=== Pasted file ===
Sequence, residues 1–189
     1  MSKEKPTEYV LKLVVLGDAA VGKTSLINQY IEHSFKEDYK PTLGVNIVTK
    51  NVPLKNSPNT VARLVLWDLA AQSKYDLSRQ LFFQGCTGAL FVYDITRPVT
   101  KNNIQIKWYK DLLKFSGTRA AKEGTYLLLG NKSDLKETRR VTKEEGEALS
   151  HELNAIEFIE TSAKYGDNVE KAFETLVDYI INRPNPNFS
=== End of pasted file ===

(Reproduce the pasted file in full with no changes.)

Sequence, residues 1–189
     1  MSKEKPTEYV LKLVVLGDAA VGKTSLINQY IEHSFKEDYK PTLGVNIVTK
    51  NVPLKNSPNT VARLVLWDLA AQSKYDLSRQ LFFQGCTGAL FVYDITRPVT
   101  KNNIQIKWYK DLLKFSGTRA AKEGTYLLLG NKSDLKETRR VTKEEGEALS
   151  HELNAIEFIE TSAKYGDNVE KAFETLVDYI INRPNPNFS